How did you get the idea for the imagery you chose? I got the idea for my print my thinking about the composition of the solid element. I knew that the shape was very rectangular with twisting and sharp edges. I also knew that the element was very colorful, and the chemical symbol is Bi. So I took these three facts to create my design. I drew a rainbow made of squares and turns cascading over the symbol Bi. I made the rainbow to represent the colors of Bismuth, and also to represent the symbol Bi (like bisexual). You could also interpret the image as a cave, with dripping liquids falling from the roof and pooling into the Bi. This was meant to represent pepto bismol and the liquid state of the element.
What process did you go through to make this print? I spent lots of time carving my image into the foam plate. I really wanted to have large parts of the image that would not soak up ink, so I put effort into carving sections over and over again. I thought the image it self turned out well except for the atomic number. I attempted to put the number, 83, inside the clouds on the side of the rainbow but it didn't show up. When it came to the printing stage I had difficulty coating the carving fulling in ink. It would turn out blotchy and lifeless when ever I transfered it to paper. Then I learned to press harder into the plate in order for an image to be printed. After this tip my prints became much better.
What would you do differently if you did this print a second time? If I did this print a second time I would have made a simpler and less messy design. That way the ink wouldn't be confused as to where to lay.
What part of the project did you enjoy the most? Describe the step and what you liked so much about it. I enjoyed the printing/inking stage the most because it allowed me to put color to the image I imagined to be colorful. I also liked it because it was fun to be creative and slightly messy with our art work. In this stage we needed to roll ink onto our prints, and then transfer them to paper with the pressure of a wooden spoon.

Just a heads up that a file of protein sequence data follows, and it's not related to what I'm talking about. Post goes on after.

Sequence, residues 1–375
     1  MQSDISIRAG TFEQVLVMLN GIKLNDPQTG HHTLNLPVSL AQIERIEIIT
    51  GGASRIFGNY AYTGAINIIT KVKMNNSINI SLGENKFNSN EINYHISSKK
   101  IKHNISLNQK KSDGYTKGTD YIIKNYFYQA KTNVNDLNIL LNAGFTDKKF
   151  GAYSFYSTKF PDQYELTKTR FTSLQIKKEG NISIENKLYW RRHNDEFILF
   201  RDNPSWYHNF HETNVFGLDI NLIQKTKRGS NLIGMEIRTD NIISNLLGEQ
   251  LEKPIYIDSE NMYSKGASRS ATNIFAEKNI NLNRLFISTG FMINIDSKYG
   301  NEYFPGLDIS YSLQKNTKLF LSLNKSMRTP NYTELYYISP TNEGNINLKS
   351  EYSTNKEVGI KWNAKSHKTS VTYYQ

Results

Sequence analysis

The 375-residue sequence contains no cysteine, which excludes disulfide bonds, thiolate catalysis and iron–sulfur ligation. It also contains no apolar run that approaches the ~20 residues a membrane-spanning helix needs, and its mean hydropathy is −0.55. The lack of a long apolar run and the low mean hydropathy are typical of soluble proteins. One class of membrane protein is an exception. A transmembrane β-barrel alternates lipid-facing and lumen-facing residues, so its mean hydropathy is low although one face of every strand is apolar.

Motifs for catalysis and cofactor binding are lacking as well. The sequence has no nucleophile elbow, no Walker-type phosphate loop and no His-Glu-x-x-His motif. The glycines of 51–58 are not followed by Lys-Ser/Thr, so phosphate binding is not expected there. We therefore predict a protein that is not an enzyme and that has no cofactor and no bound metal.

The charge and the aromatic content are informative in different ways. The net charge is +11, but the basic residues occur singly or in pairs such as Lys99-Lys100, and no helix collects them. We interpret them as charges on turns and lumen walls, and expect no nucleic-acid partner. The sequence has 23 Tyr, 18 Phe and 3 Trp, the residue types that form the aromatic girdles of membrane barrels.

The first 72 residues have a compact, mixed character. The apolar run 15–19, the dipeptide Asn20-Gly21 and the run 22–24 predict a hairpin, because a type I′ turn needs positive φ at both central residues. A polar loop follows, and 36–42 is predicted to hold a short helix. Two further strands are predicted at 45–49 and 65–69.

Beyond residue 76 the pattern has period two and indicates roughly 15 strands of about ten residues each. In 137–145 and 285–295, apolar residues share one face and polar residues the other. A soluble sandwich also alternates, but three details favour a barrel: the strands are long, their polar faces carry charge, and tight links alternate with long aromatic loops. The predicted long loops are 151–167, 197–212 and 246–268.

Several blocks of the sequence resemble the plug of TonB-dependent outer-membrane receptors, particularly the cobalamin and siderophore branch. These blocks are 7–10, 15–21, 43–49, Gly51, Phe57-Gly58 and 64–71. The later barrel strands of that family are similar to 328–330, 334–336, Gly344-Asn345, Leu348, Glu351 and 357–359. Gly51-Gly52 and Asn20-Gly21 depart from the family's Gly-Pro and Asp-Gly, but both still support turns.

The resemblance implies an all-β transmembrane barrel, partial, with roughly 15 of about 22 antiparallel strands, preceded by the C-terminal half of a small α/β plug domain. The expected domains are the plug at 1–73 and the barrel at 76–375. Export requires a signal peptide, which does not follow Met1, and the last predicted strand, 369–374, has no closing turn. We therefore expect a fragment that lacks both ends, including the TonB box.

For my Film Conversion project, I chose to adapt the Neo-Noir Se7en into a buddy cop film. I chose this because throughout the film there are several comedic moments in an otherwise dark film that could easily to be framed to be the focal point of the story. In one particular scene all of the characters burst out laughing because of the state of Detective Mills’s apartment. I wanted to see what it would be like to have a trailer to the film be focused on the lighter moments.
Noir films generally follow the story of a detective encountering the underbelly of society, while buddy cop films generally tell the story of an unlikely bromance forming. Seven is a synthesis of these two genres, featuring main characters exploring the nightmarish underbelly of society and becoming friends over the course of the film. The tone of seven is what separates it from both a noir and buddy cop movie, that of a serious and brooding psychological thriller. Adapting the tone was the greatest struggle of making the trailer, since it is so consistent throughout the entire film, as well as being so far removed from that of a buddy cop movie.
The first step in changing the movie was selecting the clips for the trailer. I chose to focus on more neutral and comedic moments, since these wouldn’t rely or extend the original tone. Then I laid out the clips in a cohesive order to tell the story of Mills and Somerset becoming partners despite their reluctance. I established the villian, their dysfunctional relationship, and how they could solve it. The trailer ends with the villain turning themselves in an event that's originally dramatic, but now comedic based on placement and timing. Finally I wrapped up the trailer with some light hearted music, something that could’ve been found in a comedy trailer. Music is an integral part of the storytelling process as well as carrying the emotional weight of a moment.